After receiving guidance from the governor’s office, the Floyd County school system is shifting its policy to follow Department of Public Health quarantine orders concerning students who have had a possible COVID-19 exposure.
Interim Superintendent Glenn White said Tuesday it will take time to implement the change.
“We will be in total compliance with all DPH guidelines on Monday,” he said.
White said they will need to inform parents that they will have to find childcare for their children as well give teachers time to prepare lessons for students in quarantine.
Students who are in the 14-day quarantine after a possible exposure won’t shift to the system’s virtual learning academy, but will have take-home packets and lessons. During that time in quarantine, students will stay in touch with their regular teachers and receive assignments and guidance.
“It will increase the number of students who are in quarantine,” White said.”We will know more about the numbers as this week goes on.”
The change in policy came from a direct communications from Gov. Brian Kemp’s office and public health. “We will comply with what Gov. Kemp says,” White said.
School systems across the state have had a rough start back this year amid the pandemic. All schools in Rome and Floyd County resumed classes on Aug. 13 and have seen COVID-19 exposures to one degree or another.
Rome City Schools currently has 189 students and 22 staff members out after COVID-19 infections or potential exposures. Most of those staff and students are concentrated at Rome Middle School, Rome High School and Elm Street Elementary.
The county school system shut down three schools for a time and at one point announced the entire school system would switch to virtual learning, before walking back that decision the next day.
All county schools were opened back up on Aug. 30 after officials announced a change in how students and teachers would quarantine. The shift announced Tuesday will only partially reverse that change.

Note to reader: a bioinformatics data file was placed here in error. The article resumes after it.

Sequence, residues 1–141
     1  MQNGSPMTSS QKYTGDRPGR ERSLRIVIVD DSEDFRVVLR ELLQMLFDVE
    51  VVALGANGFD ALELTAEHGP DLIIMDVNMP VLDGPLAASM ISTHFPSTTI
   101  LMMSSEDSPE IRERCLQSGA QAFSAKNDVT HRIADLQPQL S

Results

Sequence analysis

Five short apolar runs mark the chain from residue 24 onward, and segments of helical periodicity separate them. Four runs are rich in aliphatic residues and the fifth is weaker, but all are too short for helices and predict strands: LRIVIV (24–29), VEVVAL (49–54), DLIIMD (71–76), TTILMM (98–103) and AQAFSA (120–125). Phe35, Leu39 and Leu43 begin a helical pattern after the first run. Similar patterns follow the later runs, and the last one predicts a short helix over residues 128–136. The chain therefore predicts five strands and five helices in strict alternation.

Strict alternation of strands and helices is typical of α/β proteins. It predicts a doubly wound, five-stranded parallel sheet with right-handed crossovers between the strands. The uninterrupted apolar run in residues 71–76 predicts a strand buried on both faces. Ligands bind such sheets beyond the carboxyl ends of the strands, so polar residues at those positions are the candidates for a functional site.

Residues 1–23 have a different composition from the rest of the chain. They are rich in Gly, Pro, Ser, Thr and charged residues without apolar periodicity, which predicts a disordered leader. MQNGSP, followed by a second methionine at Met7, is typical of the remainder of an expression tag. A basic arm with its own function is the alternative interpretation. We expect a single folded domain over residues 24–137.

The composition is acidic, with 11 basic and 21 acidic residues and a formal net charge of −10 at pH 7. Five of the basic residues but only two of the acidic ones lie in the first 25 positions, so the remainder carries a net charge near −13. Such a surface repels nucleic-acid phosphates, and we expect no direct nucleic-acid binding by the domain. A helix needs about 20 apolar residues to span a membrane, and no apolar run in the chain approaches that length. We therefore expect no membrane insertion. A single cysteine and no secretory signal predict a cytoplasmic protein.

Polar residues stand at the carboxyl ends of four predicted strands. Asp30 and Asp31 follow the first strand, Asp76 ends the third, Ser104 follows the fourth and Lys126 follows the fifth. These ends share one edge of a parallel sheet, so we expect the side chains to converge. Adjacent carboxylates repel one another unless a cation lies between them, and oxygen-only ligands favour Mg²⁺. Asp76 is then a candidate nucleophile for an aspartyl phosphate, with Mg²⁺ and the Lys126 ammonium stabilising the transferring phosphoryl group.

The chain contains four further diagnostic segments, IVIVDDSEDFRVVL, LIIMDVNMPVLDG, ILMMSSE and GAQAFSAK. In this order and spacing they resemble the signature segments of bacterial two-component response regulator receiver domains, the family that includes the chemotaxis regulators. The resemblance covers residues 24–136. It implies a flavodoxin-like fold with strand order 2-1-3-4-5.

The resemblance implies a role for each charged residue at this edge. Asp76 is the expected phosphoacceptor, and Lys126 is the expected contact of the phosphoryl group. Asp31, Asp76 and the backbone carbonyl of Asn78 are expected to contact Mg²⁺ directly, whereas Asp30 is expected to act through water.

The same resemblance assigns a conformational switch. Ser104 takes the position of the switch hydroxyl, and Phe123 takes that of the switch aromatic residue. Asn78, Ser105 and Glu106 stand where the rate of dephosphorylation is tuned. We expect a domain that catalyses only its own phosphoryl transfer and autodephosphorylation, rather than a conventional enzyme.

Teachers in the system will continue to be considered essential personnel and will not quarantine immediately upon a possible exposure.
Staff quarantines have stretched school districts’ ability to keep providing in-person instruction. However, keeping exposed teachers without symptoms in the classroom raises the risk that they will spread the respiratory illness to students and fellow employees.
A Tuesday release gave more instructions about when or if a student in the school system needs to quarantine.
“Parents or guardians should notify their school principal if they or their child develops COVID-19 symptoms and/or receives a positive COVID-19 test result,” the FCS release states. “If your child develops COVID-19 symptoms or positive COVID-19 test results while under a quarantine period, please also notify the school system. Sharing such health information with FCS will be kept strictly confidential.”
New COVID-19 cases decline, hospitalizations still up
Countywide, recent two-week averages in new cases continue to trend downward somewhat, although they are still much higher than pre-August infection totals.
Floyd County’s running two-week number of new cases declined to 350 cases Tuesday after a single-day spike of 70-plus new cases sent it back above the 400 mark last week.
On average, local hospitals reported caring for over 50 COVID-19 positive patients each day during the past two weeks.
The state’s coordinating hospitals Region C covers Floyd, Chattooga, Polk, Bartow, Haralson, Carroll, Heard and Coweta counties. In that region, 744 inpatient beds are in use — 93% of the region’s capacity — and 83.4% of the region’s 136 ICU beds are in use.
Those number don’t exclusively reflect COVID-19 patients. Local hospitals earlier reported that they’ve seen higher noncoronavirus-related need for hospital bed space as well.
Emergency department beds, which could be used in case of a possible overflow, are at 48.4% capacity in the region. The number of adult ventilators in use also was low, at 15.8%, as of Tuesday.